CASH-STRAPPED Brits have fewer Covid financial help schemes to apply for from today, but there is still support available.

Families can still apply for tax relief, test and trace payments and a new Covid fund to help pay for essentials.

There is help available if you’re worried about the end of Covid support schemes

Furlough, the self-employment grant and the Covid Local Support Grant ended yesterday.

Meanwhile, the £20 a week uplift to Universal Credit, which was introduced to help people struggling in the pandemic, will be cut this month.

Politicians and charities have called for the uplift to be extended, but the government has held fast in its refusal to continue with the extra payment any longer.

Test and Trace Support Payment

If you are told to self-isolate because you have coronavirus, or have come into contact with someone who has, you can apply for a £500 one-off payment.

People on a low income who can not work from home are eligible for the grant, which doesn’t have to be paid back.

You can apply for the grant on your local council’s website – you can find out which local authority area you live in online.

You will need to provide some financial information and evidence that you or your child have been told to self-isolate by NHS Test and Trace.

This scheme applies to people in England, but there are similar initiatives in place in Scotland, Wales and Northern Ireland.

Working from home tax relief

If you still have to work from home due to coronavirus you can apply for tax relief.

You can make a claim if you work at home on a regular basis, either for all or part of the week.

Employees who choose to work from home, rather than being made to, aren’t eligible for the tax relief.

But if you’ve come to a flexible working arrangement with your employer due to the pandemic, you could still be able to make a claim.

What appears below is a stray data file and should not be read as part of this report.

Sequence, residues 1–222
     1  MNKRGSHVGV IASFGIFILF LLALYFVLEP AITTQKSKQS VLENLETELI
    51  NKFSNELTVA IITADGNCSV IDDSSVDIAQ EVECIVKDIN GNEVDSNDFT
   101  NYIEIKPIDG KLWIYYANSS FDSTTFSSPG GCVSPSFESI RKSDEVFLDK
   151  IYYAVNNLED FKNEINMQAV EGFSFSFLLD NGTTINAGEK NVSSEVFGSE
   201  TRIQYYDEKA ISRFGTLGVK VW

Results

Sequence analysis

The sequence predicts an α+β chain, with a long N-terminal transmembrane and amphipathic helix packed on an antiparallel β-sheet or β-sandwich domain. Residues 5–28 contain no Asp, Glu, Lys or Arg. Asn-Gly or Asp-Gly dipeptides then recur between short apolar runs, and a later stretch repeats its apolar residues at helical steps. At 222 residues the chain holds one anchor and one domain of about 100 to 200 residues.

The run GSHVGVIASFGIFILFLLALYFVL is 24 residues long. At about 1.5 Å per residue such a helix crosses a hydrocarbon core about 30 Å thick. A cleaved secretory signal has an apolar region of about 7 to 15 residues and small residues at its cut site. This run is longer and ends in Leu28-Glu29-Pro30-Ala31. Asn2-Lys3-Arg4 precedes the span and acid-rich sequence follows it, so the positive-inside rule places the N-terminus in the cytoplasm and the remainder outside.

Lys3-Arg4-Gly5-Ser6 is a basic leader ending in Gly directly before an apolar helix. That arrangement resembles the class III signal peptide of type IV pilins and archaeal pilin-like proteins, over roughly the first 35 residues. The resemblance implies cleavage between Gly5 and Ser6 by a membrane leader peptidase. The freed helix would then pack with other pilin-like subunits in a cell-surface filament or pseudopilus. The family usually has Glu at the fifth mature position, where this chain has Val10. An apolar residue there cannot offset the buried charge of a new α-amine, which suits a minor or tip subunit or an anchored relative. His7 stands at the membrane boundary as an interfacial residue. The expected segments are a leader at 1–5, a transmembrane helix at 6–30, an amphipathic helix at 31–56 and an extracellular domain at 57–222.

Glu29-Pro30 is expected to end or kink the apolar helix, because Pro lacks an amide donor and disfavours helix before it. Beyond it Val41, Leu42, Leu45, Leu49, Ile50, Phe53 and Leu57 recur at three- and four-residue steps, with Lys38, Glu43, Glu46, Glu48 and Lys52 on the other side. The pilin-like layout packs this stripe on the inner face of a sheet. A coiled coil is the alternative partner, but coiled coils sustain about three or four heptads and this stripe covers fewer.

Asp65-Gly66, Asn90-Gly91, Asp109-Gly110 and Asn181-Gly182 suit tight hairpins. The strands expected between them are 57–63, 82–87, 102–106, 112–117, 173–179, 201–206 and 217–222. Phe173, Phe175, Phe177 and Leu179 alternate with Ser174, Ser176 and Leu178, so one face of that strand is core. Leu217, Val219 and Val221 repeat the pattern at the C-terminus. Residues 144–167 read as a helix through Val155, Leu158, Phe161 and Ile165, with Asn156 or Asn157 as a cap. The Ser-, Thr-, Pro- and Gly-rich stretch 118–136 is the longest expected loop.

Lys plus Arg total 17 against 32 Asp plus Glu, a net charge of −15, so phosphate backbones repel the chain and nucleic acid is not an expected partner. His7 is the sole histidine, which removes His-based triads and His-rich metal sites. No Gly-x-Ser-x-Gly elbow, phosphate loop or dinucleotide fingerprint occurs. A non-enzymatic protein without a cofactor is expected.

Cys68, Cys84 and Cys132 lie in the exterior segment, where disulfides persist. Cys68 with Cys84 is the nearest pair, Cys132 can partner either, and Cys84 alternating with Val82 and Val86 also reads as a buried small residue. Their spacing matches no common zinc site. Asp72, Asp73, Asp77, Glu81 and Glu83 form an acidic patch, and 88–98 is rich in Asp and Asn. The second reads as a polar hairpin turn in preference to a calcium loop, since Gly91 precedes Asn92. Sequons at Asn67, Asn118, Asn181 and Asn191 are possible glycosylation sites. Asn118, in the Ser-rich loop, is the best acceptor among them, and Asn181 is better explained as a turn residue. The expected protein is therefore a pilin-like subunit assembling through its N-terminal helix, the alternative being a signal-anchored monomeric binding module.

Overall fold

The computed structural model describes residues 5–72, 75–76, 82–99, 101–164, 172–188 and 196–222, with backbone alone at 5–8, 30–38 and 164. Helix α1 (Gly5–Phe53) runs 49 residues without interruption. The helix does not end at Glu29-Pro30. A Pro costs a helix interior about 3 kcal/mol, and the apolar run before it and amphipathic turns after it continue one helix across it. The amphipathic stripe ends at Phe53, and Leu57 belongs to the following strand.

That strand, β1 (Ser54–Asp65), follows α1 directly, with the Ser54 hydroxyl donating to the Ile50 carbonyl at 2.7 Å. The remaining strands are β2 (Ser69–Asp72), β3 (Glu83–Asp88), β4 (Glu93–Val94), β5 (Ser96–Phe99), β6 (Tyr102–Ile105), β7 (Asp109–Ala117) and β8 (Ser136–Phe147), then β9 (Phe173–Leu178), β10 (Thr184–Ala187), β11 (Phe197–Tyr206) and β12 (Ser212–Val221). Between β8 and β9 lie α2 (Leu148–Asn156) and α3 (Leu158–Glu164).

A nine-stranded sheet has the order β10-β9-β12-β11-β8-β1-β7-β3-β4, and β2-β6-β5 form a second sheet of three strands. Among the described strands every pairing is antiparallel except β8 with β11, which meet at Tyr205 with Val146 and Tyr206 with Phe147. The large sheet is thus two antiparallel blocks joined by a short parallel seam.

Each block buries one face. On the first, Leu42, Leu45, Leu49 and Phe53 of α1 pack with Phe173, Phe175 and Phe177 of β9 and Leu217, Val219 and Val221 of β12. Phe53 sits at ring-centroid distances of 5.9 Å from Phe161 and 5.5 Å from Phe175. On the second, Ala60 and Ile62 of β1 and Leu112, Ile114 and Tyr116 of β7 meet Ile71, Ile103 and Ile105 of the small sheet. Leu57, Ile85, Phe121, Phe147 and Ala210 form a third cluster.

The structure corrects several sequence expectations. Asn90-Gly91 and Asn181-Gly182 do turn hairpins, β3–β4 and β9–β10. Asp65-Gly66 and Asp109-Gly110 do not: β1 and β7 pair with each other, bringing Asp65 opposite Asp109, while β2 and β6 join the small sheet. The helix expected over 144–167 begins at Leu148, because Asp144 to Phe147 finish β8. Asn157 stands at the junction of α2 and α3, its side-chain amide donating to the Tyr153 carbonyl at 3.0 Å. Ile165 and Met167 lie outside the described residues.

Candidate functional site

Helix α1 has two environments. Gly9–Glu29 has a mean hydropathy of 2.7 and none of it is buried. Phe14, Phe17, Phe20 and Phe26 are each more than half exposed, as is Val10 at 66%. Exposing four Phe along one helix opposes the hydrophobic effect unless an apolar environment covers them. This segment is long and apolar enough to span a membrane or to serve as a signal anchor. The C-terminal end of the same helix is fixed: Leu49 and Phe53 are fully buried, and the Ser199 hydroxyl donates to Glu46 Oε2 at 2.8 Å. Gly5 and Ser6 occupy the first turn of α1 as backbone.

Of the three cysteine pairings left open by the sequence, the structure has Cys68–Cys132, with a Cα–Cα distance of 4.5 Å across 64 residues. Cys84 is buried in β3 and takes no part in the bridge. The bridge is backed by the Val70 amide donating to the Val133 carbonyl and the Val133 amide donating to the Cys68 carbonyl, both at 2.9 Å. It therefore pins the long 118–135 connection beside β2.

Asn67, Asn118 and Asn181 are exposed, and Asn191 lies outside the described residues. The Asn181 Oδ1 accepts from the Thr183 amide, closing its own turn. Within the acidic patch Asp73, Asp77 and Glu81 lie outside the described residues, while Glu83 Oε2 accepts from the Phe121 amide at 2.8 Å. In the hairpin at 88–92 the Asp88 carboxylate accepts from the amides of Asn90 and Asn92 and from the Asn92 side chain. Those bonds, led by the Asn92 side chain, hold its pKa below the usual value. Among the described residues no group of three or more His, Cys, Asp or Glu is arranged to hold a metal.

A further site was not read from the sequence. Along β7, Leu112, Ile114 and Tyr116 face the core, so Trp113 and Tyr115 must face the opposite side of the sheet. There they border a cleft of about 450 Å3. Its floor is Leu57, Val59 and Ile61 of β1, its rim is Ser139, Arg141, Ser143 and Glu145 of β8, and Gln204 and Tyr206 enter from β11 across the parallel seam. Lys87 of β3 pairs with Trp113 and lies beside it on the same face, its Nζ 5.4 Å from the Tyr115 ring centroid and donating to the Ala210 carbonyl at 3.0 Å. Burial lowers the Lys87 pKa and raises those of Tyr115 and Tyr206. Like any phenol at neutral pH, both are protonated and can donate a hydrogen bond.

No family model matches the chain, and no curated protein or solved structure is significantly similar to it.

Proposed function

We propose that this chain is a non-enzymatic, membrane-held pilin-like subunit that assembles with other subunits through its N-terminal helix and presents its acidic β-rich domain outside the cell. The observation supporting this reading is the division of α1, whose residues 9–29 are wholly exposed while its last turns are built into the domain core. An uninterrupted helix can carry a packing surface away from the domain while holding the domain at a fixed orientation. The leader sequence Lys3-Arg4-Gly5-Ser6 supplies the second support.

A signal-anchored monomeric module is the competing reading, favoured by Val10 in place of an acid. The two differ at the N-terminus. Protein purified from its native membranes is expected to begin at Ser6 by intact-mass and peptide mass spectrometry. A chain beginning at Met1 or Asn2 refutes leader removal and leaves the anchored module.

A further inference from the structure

You can claim tax relief on £6 a week – this was raised in April 2020 due to the pandemic, and was previously £4 a week.

You’ll get tax relief based on the rate at which you pay tax.

For example, if you pay the 20% basic rate of tax and claim relief of £6 a week, you would get £1.20 a week.

The total you can get in a year is £125.

Claims can also be made for the previous tax year, also worth up to £125, so anyone who’s eligible for both years and hasn’t yet claimed could get £250.

HMRC will, in fact, accept backdated claims for up to four years, which means you could claim up to £500.

Household Support Fund 

Councils will be given a share of a £500million grant to hand out to residents who are struggling this winter.

It replaces the Covid Local Support Grant, which gave out free cash to families struggling to pay for food, energy bills and other essentials.

A Sun investigation previously found that you could claim as much as £1,500 under the Covid Local Support Grant scheme.

Each council will decide how much cash families in their area could get and how they should apply for the help.

If information about the scheme is not yet listed on your local authority’s website, it’s best to ring or email for more information.

Universal credit and other benefits

We’ve outlined the Covid-specific help you can get above, but there are other sources of help available too.

You should also consider what other benefits and grants you could be eligible for if you’re struggling financially.

Universal Credit claimants can get a standard allowance of up to £509.91, depending on individual circumstances. You’ll get more if you have children.

You might also be able to get help paying energy bills this winter, which will come in handy as prices are set to rise.

The Warm Home Discount and Cold Weather Payments are designed to help families cover heating costs over the winter months.

Check Citizens Advice’s benefits calculator to make sure you’re getting all the help you are eligible for.


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